Public Policy Editor
The National Health Service has spent more than pounds 300m on redundancy payments over the past five years as the Government's NHS reforms have taken effect, figures released by the Labour Party yesterday show.
Payments have risen almost ten-fold from pounds 11.7m in 1990-91, the year before the reforms, to pounds 113.8m last year, with more in the pipeline following the order by Stephen Dorrell, the Secretary of State for Health, to the NHS to cut pounds 130m from its bureaucracy in the coming year.
The pounds 300m total is enough to provide all the services that Manchester health authority buys in a year.
The figures come from Parliamentary answers by Gerald Malone, the Minister of Health, to Alan Milburn, Labour health spokesman, who claimed the redundancy bill was "sapping the health service's ability to deliver for patients".
The Department of Health said the costs were "the result of the war on bureaucracy" which was leading to millions of pounds being released for patient care. The abolition of the regional health authorities alone will release pounds 150m a year, a departmental spokesman said.
Last year, NHS Trusts accounted for the majority of pay-offs at pounds 75m, while the progressive merger of health authorities with family health service authorities into new health commissions helped account for pounds 24m.
Last year, Mr Malone told Mr Milburn that the largest single factor in district health authority payments was the closure of psychiatric hospitals as mental health services were organised into care in the community. Among the Trusts with the largest redundancy bills, a key factor was reviews of the skill mix of staff.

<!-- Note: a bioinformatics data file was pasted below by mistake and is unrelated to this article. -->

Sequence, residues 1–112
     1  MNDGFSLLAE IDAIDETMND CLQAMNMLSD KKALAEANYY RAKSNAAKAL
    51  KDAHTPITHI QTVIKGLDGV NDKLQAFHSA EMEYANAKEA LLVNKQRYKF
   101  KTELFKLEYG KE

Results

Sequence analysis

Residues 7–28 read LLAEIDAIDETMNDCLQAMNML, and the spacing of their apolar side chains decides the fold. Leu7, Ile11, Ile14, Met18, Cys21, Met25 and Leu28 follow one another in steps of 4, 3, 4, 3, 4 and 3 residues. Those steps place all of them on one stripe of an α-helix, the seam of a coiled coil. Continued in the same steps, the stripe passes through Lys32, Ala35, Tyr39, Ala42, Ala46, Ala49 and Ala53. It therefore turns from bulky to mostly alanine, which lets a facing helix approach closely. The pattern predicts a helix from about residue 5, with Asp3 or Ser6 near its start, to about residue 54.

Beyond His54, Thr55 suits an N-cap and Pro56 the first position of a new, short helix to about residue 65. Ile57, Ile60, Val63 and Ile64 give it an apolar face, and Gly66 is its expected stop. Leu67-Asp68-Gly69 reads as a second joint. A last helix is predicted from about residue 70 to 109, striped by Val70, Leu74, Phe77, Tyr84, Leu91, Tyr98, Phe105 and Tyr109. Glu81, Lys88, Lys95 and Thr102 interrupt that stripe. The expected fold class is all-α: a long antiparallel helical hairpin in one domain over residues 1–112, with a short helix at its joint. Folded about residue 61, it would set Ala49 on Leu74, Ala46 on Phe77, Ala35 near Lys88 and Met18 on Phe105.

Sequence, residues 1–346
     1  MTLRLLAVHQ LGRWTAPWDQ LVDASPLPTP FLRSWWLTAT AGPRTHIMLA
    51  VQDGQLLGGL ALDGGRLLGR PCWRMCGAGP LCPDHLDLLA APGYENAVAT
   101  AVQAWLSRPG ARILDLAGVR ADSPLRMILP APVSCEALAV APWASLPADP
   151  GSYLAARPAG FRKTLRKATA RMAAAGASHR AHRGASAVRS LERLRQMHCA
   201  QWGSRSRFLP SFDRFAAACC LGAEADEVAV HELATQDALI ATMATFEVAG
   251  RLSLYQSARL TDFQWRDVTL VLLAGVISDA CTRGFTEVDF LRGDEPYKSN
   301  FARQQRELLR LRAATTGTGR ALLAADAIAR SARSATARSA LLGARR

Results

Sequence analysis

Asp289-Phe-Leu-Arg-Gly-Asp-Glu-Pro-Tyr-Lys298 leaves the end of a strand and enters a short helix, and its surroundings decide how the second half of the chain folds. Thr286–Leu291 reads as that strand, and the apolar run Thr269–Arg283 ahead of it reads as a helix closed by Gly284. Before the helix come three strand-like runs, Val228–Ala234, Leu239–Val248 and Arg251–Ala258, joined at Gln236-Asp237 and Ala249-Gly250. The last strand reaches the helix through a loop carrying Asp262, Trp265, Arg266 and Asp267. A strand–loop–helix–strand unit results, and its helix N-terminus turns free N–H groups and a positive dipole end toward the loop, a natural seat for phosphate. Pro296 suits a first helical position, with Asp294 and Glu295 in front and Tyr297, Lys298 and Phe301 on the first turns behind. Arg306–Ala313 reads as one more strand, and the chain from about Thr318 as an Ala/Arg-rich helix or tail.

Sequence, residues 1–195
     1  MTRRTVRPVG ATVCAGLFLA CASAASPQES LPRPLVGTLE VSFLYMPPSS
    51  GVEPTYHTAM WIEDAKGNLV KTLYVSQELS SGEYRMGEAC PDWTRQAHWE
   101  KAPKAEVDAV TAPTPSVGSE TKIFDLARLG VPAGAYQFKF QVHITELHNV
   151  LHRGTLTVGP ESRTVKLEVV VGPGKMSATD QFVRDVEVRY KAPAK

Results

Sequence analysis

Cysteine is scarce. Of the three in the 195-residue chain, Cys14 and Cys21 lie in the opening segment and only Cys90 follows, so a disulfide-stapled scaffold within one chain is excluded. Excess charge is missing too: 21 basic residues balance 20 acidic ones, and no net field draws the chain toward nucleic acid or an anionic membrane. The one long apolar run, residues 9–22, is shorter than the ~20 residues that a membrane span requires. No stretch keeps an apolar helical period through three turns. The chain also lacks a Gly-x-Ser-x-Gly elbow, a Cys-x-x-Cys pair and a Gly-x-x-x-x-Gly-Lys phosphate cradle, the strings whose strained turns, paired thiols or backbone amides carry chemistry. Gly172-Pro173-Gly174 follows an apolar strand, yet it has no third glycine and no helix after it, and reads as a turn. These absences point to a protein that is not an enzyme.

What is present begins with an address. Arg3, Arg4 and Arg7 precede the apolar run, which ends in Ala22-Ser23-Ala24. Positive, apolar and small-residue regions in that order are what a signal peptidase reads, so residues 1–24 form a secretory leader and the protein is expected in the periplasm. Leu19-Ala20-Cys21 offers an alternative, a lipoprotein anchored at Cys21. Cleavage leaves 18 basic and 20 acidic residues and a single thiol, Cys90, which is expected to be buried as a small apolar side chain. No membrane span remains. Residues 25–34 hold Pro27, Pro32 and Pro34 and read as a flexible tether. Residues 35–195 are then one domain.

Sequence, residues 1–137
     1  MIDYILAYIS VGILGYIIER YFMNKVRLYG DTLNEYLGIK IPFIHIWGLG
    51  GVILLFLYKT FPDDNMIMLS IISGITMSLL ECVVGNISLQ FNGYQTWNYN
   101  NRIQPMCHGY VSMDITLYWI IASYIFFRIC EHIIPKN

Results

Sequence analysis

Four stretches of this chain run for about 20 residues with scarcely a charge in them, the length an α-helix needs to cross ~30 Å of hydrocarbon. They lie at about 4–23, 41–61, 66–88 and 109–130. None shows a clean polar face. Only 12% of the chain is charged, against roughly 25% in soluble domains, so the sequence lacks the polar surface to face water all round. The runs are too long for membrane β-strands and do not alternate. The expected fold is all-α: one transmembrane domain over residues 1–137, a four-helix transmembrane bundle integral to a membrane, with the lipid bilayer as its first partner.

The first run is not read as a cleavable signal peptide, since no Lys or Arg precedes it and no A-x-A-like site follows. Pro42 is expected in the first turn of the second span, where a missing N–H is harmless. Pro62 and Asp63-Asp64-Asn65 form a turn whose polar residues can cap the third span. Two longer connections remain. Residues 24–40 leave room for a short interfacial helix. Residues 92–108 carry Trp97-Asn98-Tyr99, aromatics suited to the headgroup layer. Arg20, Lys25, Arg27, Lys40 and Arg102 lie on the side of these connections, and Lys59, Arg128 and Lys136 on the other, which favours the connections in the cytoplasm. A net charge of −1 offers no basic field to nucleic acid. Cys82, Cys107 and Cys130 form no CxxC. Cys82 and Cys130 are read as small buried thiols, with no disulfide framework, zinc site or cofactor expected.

The biggest single pay-out was made by the troubled South Birmingham health authority which over two years spent pounds 8m on redundancy.
Among Trusts, the Central Middlesex has spent pounds 3.4m, the Wellhouse, also in Middlesex, pounds 3.1m while the merger of Guy's and St Thomas's contributed to a pounds 3.1m redundancy bill.
The scale of the payments follows criticism of the amounts some trusts have spent in redundancy packages for senior managers. The Cheviot and Wansbeck Trust in Northumberland last year spent pounds 524,000 - enough to provide 150 hip replacements - making its chief executive redundant, while the Greenwich and Burnley trusts spent pounds 200,000 and pounds 250,000 respectively in compensation payments to their departing chief executives.
Mr Milburn said yesterday that "only this government could make multi- million pay-offs a priority at a time when the NHS is crying out for more doctors and nurses. Even its pathetic attempt to cut down on bureaucracy has ended up costing the taxpayer a fortune".
The Department of Health said the redundancies had contributed to a higher proportion of NHS staff than ever before being engaged in front-line care.Reuse content